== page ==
Don’t wait until Earth Day to infuse your classroom lessons with environmental content. In fact, I propose we make all of April “Environmental History Month.” To know where we are and where we might be headed, it’s important to check behind us in the rearview mirror.
A lot of our environmental history in the U.S. has been marked by legislative safeguards put in place to deal with crises. Think about the establishment of the Soil Conservation Service (1935) to prevent another Dust Bowl. Or the critical legislation of the early 1960’s and 1970’s to respond to poor air and water quality. (It wasn’t that long ago that we drove cars with leaded gas, daily smog blanketed Los Angeles, and Cleveland’s Cuyahoga River caught fire from chemical pollution!)
Earth Day really is a cause for celebration because its establishment marked a defining time in U.S. legislative history when it came to protecting the environment. The first Earth Day (1970) was also the year the U.S. Environmental Protection Agency was created (by President Nixon’s executive order, and then ratified by Congress). Soon after, Congress had passed the Endangered Species Act, Clean Water Act and fundamental expansions to the Clean Air Act and had banned the pesticide DDT. All of these laws improved public health and the environment.
Invite your students to explore our country’s environmental history using our interactive timeline at WorldPopulationHistory.org. Here’s how:
1. Display www.WorldPopulationHistory.org and point out the Environment Timeline at the bottom of the screen (the orange bar with the tree icon).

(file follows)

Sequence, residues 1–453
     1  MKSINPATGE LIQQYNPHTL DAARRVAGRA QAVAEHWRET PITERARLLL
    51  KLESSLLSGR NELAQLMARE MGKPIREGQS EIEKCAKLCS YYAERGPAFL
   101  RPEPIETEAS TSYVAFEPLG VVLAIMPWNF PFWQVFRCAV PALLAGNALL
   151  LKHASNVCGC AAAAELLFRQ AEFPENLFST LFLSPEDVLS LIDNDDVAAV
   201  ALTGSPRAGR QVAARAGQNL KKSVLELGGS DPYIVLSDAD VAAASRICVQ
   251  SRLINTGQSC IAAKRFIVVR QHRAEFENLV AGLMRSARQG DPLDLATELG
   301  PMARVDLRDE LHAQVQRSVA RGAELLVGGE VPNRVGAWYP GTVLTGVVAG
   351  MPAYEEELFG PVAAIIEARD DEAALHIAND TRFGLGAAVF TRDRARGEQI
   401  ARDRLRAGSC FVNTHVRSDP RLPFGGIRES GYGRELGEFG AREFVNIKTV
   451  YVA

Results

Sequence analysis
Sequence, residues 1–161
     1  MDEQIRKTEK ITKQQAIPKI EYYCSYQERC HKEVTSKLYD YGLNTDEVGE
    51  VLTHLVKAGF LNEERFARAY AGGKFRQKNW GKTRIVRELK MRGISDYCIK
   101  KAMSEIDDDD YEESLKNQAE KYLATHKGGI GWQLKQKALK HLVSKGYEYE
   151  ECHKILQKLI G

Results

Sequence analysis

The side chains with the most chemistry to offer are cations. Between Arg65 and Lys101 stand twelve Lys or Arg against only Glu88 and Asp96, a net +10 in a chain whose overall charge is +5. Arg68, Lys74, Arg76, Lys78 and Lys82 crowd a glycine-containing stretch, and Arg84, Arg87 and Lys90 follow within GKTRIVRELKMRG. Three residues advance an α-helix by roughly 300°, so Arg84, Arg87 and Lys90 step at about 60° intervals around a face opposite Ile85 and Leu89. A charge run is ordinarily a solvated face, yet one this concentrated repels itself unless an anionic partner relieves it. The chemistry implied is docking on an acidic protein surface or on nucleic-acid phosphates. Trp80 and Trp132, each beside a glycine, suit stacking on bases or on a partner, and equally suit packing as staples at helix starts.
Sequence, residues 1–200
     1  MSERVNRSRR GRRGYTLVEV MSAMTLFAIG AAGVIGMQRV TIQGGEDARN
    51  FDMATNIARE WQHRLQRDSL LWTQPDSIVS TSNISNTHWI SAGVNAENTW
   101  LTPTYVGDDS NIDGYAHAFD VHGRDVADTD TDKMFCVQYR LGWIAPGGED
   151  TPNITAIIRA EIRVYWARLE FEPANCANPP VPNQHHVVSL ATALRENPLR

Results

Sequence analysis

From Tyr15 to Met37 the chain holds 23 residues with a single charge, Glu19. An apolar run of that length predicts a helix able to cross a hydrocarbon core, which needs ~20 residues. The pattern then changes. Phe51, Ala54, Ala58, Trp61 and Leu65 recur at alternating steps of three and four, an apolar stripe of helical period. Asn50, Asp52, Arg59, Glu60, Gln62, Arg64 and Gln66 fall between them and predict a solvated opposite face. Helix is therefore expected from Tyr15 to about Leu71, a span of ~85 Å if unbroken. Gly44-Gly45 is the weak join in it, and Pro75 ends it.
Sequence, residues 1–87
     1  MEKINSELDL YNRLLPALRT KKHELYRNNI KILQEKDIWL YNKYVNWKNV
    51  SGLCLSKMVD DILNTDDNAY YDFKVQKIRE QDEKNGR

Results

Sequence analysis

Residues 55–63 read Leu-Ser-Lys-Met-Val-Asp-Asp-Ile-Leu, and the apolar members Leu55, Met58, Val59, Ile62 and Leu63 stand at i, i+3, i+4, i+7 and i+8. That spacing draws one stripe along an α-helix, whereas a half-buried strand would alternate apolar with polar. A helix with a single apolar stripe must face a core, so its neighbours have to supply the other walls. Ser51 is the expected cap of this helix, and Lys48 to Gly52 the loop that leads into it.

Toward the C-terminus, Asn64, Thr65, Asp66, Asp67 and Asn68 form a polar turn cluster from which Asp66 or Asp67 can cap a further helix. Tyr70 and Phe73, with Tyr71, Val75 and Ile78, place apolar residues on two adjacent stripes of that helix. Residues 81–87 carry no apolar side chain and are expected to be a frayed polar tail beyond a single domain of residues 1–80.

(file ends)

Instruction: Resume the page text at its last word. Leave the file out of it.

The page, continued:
2. Ask students to hypothesize how human interactions with the environment have changed over the years. Have these interactions been positive or negative?
3. Divide students into small groups, distribute the Student Worksheet, and assign each group one of the following date ranges. a. 1 C.E. – 1800 b. 1801 – 1968 c. 1969 – 2000 d. 2001 – 2050. Have each group complete the Student Worksheet by investigating the Environment Timeline for their assigned date range. Ask each group to share their summary statement with the class.
You can also connect our environmental history with today’s news and lead a discussion with students on one or more of the following topics: Flint water crisis, U.S. involvement in the Paris Climate Agreement, proposed roll-back of automobile fuel standards, crumbling infrastructure affecting water quality.
Looking ahead, what do they think might show up on this Environmental timeline in the next 50 years? What role will regular citizen have in shaping those events? Discuss.